Posted by ESPN.com's Mike Sando
Let's say I owned a stock worth $13.40 per share in 2004. Let's say the stock price fell to $12.30 in 2005, $12 in 2006, $10.20 in 2007 and $9.80 in 2008. I'm guessing you wouldn't necessarily rush out to purchase shares of this unnamed company.
Let's say the company were actually an NFL wide receiver. Let's say we converted those share prices from dollars to yards per reception. We would be talking about T.J. Houshmandzadeh. He averaged 13.4 yards per reception in 2004. That figure has fallen every season since, reaching 9.8 yards per reception last season.
Just as a faltering economy can affect a stock'a price, a faltering offense can affect a receiver's opportunities. The Bengals' offense has declined significantly in recent seasons, affecting Houshmandzadeh and everyone else. I think he would bring an improved level of consistency to the Seattle passing game while protecting the Seahawks from entering the draft feeling pressure to address the position early.
Houshmandzadeh has averaged 98 receptions per season over the last three seasons. He has 507 career catches. His 32 touchdown receptions over the last four seasons exceed by five the combined total for Seattle receivers Deion Branch and Bobby Engram over the same period.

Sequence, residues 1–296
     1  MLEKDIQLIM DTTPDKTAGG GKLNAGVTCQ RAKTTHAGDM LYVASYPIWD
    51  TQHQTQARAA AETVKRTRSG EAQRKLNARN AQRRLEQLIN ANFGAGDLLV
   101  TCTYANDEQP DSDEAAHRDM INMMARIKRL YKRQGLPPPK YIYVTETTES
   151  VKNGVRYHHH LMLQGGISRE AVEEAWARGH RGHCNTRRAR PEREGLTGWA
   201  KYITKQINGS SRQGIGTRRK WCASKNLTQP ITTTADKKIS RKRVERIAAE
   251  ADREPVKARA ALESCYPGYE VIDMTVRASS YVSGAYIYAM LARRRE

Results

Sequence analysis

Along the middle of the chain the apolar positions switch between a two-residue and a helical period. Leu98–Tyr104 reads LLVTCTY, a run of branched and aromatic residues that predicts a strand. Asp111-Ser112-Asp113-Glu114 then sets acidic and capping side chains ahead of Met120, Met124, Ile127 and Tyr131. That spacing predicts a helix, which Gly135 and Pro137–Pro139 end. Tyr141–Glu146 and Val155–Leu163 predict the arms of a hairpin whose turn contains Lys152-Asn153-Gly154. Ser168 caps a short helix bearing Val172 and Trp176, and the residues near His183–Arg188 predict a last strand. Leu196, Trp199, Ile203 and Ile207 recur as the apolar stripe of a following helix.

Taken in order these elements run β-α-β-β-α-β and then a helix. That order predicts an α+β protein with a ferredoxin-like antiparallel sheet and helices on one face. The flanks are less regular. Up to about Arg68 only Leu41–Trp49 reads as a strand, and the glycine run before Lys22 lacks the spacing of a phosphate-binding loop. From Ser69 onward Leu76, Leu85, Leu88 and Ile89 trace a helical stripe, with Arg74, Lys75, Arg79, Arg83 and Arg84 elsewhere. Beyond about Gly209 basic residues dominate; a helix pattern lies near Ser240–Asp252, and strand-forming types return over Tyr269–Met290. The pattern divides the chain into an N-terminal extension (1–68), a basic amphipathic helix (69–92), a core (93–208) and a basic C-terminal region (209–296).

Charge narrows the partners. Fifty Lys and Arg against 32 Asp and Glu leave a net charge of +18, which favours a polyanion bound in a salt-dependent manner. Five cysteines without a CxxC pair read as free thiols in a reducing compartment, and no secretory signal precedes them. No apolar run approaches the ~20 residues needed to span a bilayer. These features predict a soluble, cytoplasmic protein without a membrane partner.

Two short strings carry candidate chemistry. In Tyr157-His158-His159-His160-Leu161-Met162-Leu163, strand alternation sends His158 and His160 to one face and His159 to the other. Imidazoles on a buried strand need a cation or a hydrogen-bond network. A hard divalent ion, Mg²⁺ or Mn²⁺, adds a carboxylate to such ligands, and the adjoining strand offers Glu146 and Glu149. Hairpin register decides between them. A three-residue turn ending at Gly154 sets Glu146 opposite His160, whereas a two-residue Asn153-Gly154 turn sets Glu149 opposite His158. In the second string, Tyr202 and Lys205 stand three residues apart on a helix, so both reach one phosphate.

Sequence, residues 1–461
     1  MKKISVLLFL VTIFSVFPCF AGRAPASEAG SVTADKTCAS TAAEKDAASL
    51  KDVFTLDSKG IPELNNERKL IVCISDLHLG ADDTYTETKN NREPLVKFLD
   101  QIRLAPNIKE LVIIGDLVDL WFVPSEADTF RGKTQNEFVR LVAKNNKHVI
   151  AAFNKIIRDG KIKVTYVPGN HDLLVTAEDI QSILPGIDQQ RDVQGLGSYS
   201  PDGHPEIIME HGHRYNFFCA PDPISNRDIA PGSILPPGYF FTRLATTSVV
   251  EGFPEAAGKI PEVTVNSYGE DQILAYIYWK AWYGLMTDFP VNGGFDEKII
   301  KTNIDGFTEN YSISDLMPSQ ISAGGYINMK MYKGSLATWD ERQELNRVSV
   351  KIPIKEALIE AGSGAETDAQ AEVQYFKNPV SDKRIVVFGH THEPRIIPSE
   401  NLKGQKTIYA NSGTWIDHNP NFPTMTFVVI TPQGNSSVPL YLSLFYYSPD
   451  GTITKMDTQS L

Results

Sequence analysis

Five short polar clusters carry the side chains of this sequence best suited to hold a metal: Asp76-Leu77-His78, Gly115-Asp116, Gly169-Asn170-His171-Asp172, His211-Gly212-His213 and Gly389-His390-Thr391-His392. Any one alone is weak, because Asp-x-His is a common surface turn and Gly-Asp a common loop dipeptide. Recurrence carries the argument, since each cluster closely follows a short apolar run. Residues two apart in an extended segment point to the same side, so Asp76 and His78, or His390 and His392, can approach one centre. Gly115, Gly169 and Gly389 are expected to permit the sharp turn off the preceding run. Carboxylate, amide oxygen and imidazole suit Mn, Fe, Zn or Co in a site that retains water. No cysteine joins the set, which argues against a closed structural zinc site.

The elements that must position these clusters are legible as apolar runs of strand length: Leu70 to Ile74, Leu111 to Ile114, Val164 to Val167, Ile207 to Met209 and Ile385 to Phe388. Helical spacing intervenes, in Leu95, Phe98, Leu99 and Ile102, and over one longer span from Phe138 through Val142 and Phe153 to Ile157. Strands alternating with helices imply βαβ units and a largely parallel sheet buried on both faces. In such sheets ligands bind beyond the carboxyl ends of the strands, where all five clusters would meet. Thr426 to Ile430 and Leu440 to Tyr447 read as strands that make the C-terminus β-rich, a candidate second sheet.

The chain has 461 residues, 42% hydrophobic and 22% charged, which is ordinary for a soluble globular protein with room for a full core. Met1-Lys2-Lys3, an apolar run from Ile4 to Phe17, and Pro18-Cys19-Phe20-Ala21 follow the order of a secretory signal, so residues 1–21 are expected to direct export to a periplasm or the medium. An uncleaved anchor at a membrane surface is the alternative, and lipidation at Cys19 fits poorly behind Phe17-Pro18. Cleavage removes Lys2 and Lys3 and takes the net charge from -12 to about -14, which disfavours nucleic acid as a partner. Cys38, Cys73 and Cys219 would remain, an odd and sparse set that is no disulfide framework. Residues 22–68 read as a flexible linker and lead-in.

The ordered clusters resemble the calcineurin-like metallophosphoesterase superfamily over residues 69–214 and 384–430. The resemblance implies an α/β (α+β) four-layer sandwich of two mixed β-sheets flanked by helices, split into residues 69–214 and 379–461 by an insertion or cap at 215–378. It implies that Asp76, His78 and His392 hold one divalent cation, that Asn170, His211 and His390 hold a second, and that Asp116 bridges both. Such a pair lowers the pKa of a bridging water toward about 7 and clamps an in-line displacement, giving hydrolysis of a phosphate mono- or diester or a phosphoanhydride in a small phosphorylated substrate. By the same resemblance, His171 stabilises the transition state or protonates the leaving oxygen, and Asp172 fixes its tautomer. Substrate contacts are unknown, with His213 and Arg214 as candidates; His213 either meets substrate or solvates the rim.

What to make of Houshmandzadeh? Scouts Inc. included these notes in its scouting report heading into the 2008 season:
He is no longer a young receiver and has probably peaked, but he still ranks among the best possession receivers in the league. He is a terrific route-runner who is intelligent in how he sets up defenders and sells specific routes. Houshmandzadeh has very reliable hands, consistently plucks the ball away from his body and rarely drops passes he should haul in. He has become an outstanding red zone threat who has the trust of his quarterback and shields defenders really well. He is fearless, competitive and does some of his best work over the middle of the field.
He is effective from any wide receiver position and is a student of the game. Houshmandzadeh isn't a blazer, but he continually gets separation due to his route-running prowess. He will not run past many cornerbacks in this league and isn't a top deep threat. Houshmandzadeh catches plenty of touchdowns and moves the chains, but he is not a vertical threat. He does the majority of his work underneath.
He has been a durability concern in the past. Some of Houshmandzadeh's production is derived from all the attention Chad Johnson receives on the opposite side. That being said, he is an ideal No. 2 receiver and is the player Carson Palmer looks to when he needs to move the chains.